We are malleable

“Human beings are works in progress that mistakenly think they’re finished,” says Harvard psychologist Dan Gilbert. “The person you are right now is as transient, as fleeting, and as temporary as all the people you’ve ever been.” 

Gilbert refers to this mistaken notion of stasis, of an already-formed, unchangeable self, as “the end-of-history illusion” — the false idea that we’ve already become who we’re going to be, and are not likely to change. The truth is that we are in a constant, never-ending state of flux, growth, and evolution. We are always changing, until the day we die. 

On the yoga mat, these changes become tangible. Today I could get a few inches closer into a pose than I could yesterday. Today something that previously seemed inconceivable happened out of the blue. The practice is a constant daily reminder that change is happening. It’s a way to begin to unwind some of the narratives that we’ve fed ourselves over the long histories of our lives, the stories that have formed our identities, have labeled us, have put us into limiting boxes. Yoga is a chance to throw into question all of those fixed beliefs, to up-end them, to challenge them. With each breath, we give permission to redefine, and therefore to renew, ourselves.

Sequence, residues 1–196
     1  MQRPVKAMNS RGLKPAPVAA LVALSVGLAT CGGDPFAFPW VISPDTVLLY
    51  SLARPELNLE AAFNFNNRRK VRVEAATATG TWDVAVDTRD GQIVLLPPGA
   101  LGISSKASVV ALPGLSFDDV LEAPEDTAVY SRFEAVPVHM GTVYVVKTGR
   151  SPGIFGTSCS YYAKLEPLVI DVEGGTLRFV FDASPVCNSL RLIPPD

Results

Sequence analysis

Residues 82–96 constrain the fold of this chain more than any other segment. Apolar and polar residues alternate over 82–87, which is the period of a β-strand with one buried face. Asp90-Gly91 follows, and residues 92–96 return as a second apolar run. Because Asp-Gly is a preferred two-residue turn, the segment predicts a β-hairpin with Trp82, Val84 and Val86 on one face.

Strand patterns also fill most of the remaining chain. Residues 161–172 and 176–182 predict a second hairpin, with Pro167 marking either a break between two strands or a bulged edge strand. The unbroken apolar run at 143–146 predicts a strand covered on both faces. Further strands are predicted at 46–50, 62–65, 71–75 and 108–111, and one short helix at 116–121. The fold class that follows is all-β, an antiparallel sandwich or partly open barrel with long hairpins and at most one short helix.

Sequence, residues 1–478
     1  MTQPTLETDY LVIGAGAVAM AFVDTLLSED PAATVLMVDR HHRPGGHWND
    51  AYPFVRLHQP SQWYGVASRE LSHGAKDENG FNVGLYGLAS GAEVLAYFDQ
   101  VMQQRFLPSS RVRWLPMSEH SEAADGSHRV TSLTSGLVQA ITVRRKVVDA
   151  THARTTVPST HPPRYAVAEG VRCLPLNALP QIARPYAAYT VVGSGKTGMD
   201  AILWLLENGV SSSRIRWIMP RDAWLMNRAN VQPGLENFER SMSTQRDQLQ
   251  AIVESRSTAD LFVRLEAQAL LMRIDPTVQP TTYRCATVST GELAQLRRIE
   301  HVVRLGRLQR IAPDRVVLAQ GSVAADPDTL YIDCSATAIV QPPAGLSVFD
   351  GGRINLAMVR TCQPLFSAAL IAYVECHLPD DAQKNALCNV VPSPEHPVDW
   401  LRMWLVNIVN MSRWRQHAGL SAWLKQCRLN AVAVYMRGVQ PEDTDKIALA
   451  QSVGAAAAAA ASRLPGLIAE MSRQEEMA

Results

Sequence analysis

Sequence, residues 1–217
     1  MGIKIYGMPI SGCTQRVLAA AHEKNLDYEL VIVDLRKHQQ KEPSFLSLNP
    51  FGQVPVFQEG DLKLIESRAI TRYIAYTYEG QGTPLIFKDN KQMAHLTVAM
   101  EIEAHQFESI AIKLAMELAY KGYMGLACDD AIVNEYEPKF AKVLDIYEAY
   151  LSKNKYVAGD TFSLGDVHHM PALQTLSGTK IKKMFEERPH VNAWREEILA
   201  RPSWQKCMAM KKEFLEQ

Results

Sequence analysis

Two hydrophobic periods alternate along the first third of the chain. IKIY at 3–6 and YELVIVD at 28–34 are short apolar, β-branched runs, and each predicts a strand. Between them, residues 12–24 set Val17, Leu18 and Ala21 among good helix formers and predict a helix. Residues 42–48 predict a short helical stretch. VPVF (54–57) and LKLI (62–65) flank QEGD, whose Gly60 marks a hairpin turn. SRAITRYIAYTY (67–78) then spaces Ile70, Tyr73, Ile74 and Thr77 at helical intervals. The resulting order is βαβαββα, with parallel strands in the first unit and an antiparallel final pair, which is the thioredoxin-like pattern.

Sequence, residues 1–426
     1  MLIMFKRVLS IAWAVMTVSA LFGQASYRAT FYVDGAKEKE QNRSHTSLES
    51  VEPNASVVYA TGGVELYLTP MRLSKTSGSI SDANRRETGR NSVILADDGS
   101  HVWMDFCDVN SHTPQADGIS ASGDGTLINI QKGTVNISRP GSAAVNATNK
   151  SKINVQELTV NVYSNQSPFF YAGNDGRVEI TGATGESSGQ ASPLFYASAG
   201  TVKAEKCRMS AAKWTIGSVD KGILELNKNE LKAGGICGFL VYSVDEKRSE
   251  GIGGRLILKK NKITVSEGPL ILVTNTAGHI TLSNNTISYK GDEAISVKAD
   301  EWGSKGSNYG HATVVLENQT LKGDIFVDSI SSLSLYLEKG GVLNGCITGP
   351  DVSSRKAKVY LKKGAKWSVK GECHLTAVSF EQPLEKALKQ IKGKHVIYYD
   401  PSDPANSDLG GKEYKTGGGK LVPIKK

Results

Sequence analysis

You may find that surrendering to the fact that we don’t know who we will become is liberating, and infuses you with a newfound, childlike wonder. This is Yoga Rejuvenation. It’s an essential part of our yoga practice, as well as hopefully of our lives as a whole. If we can learn on the mat to suspend disbelief, trust our breath, and remain open to the wonders and surprises that unfold, then perhaps we can apply that new-found faith to other aspects of ourselves and our journey. The old adages are true: Never say never. Change is the only constant. Things can change on a dime. And a personal favorite of mine, courtesy of my 80 year-old Dad: You will never step into the same river twice.

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